Conclusions

    Insulin sensitivity showed seasonal variations with lower values during the winter and higher during the summer season. Inverse compensatory variations of insulin secretion resulted in only minor variations of fasting plasma glucose. Insulin sensitivity was associated with outdoor temperature. These phenomena should be further investigated in diabetic patients.

  • 23.
    Bergqvist, David
    Uppsala University, Disciplinary Domain of Medicine and Pharmacy, Faculty of Medicine, Department of Surgical Sciences, Vascular Surgery.
    Aneurysms: from traumatology to screening2010In: Upsala Journal of Medical Sciences, ISSN 0300-9734, E-ISSN 2000-1967, Vol. 115, no 2, p. 81-87Article in journal (Refereed)
    Abstract [en]

    This paper deals with aneurysmal disease, primarily when localized in the abdominal aorta. It is based on the Olof Rudbeck lecture 2009. Aneurysm is a localized widening of an artery, and its definition has become an important issue today when the disease is in focus for screening programmes. Aetiology and pathogenesis are still poorly understood, but a genetic component determining the strength of the aortic wall is important, and there is a strong male dominance. Historically, several attempts have been made to treat the disease, but reconstructive treatment has been possible only since 1951, in an increasing number of cases performed endovascularly. By early detection through screening, and thereby the possibility to treat before rupture, it has now become possible to decrease the total mortality from the disease in the population.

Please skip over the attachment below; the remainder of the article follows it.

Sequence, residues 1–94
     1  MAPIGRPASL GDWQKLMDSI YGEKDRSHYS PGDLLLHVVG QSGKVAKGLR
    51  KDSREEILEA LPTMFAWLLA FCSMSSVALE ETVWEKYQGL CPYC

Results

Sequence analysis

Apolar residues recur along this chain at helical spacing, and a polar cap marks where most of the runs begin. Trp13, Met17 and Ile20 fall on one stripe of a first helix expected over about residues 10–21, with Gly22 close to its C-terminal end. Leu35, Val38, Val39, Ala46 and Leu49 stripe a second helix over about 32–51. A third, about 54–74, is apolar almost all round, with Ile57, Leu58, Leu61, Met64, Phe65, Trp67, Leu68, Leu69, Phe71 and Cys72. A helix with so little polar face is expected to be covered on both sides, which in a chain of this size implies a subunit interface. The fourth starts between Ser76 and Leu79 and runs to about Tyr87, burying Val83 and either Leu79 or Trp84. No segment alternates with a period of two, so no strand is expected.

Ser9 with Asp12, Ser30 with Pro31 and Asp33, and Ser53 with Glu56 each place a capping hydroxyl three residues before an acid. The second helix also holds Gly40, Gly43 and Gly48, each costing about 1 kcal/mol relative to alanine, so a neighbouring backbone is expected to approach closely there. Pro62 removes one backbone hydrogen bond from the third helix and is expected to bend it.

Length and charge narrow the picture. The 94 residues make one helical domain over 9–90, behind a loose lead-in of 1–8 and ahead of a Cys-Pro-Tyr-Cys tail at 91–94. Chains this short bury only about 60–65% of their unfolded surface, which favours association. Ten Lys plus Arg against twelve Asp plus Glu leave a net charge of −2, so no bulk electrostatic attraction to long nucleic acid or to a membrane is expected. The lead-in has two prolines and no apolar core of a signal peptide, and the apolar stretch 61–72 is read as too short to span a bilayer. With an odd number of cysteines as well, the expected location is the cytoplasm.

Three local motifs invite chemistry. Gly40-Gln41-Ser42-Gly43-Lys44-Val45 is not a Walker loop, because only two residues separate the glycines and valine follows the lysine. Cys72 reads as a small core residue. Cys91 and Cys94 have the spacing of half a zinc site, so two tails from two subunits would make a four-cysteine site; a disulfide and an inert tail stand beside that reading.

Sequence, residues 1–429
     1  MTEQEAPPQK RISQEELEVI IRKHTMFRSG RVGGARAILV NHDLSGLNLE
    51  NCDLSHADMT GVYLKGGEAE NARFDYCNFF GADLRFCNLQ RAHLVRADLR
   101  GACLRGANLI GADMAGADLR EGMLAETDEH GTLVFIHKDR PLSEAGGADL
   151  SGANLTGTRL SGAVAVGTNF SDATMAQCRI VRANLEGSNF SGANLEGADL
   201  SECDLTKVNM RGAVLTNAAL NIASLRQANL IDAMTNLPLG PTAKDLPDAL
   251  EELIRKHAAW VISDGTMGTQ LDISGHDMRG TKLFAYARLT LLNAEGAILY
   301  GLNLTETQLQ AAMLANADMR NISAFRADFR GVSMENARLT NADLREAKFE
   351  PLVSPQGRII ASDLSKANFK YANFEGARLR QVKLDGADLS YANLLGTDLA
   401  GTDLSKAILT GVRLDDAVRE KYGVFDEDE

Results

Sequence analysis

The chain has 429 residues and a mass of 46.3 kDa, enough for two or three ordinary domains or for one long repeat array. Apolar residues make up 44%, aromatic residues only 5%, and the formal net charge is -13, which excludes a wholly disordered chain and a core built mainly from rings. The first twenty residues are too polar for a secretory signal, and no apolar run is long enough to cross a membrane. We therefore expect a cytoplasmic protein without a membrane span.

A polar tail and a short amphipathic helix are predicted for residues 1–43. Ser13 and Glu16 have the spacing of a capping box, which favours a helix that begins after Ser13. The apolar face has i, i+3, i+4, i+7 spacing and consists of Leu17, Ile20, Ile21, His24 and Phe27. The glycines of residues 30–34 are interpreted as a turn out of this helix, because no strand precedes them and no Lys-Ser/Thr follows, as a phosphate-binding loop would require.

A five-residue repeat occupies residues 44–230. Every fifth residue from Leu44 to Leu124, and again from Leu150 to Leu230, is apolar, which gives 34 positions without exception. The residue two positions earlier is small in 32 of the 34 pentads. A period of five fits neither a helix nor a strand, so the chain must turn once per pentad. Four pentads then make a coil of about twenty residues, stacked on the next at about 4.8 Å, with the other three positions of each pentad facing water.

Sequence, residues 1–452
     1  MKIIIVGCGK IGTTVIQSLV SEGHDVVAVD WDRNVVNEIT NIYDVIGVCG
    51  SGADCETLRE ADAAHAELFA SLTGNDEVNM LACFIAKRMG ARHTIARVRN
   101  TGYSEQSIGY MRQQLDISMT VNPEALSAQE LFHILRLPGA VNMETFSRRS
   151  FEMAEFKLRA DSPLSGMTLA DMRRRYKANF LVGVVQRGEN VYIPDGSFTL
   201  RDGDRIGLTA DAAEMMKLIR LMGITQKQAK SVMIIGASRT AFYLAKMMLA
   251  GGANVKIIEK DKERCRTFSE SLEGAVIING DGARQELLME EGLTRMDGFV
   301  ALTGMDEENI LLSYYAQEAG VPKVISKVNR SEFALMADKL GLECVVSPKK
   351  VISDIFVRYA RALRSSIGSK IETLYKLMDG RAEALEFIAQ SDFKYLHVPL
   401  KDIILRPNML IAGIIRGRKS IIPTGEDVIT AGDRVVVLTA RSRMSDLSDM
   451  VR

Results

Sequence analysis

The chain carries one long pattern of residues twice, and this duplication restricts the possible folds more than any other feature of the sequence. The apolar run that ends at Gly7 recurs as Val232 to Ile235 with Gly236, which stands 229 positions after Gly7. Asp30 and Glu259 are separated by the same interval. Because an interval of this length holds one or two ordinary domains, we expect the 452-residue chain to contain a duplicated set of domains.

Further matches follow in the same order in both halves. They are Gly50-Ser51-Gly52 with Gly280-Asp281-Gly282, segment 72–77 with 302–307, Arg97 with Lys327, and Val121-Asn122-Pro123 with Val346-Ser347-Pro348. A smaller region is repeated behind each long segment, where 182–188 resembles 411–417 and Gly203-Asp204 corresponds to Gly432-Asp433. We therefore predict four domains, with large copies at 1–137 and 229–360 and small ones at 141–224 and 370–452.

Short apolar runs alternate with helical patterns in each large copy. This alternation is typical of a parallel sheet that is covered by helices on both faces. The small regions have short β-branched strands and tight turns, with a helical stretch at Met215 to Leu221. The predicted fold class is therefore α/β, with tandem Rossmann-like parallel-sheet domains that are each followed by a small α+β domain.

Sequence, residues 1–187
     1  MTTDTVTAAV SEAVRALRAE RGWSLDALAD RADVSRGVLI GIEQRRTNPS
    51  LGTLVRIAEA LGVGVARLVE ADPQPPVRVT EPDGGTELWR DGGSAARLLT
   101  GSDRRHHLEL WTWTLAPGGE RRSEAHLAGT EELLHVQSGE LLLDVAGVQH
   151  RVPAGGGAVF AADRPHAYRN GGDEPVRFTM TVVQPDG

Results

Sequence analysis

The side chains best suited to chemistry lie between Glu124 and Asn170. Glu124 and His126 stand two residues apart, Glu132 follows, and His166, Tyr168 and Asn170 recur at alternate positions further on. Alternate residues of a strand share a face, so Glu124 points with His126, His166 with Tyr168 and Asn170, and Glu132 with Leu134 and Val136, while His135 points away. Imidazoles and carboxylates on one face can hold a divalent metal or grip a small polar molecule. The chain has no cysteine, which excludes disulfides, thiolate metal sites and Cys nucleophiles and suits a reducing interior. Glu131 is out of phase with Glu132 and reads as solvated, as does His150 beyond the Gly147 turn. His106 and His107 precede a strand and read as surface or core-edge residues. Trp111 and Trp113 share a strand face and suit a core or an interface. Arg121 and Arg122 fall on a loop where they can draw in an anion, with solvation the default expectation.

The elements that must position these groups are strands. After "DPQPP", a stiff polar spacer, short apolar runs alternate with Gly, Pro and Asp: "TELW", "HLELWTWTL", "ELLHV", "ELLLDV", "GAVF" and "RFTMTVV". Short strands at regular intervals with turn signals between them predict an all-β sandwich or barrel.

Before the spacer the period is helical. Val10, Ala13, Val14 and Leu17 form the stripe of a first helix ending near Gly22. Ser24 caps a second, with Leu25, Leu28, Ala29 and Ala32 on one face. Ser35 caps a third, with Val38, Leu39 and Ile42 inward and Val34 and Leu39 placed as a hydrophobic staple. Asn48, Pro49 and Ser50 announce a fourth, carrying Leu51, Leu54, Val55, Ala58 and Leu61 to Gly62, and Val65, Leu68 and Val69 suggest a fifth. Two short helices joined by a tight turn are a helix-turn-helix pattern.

• 24.
    Bergström, Björn
    Uppsala University, Disciplinary Domain of Medicine and Pharmacy, Faculty of Medicine.
    Numerical Analysis of the Vestibular Nerve in Man: A Preliminary Report1972In: Upsala Journal of Medical Sciences, ISSN 0300-9734, E-ISSN 2000-1967, Vol. 77, no 3, p. 205-207Article in journal (Refereed)
    Abstract [en]

    11 vestibular nerves from individuals of various ages ranging from birth to 85 years have been studied with regard to the numbers of nerve fibers. In this study it has been shown that young children have between 18 773 and 20 212 myelinated vestibular nerve fibers and that there is a clear and statistically significant reduction in number of fibers occurring with increasing age. The reduction averages 40% in the old age group. The study has included a separate investigation of all vestibular branches and the major reduction is found in the ampullary nerve fibers. This part of the observations will be separately published.

  • 25.
    Bergström, Tobias
    et al.
    Uppsala University, Disciplinary Domain of Medicine and Pharmacy, Faculty of Medicine, Department of Immunology, Genetics and Pathology, Cancer and Vascular Biology. Uppsala University, Science for Life Laboratory, SciLifeLab.
    Forsberg-Nilsson, Karin
    Uppsala University, Disciplinary Domain of Medicine and Pharmacy, Faculty of Medicine, Department of Immunology, Genetics and Pathology, Cancer and Vascular Biology. Uppsala University, Science for Life Laboratory, SciLifeLab.
    Neural stem cells: Brain building blocks and beyond2012In: Upsala Journal of Medical Sciences, ISSN 0300-9734, E-ISSN 2000-1967, Vol. 117, no 2, p. 132-142Article, review/survey (Refereed)
    Abstract [en]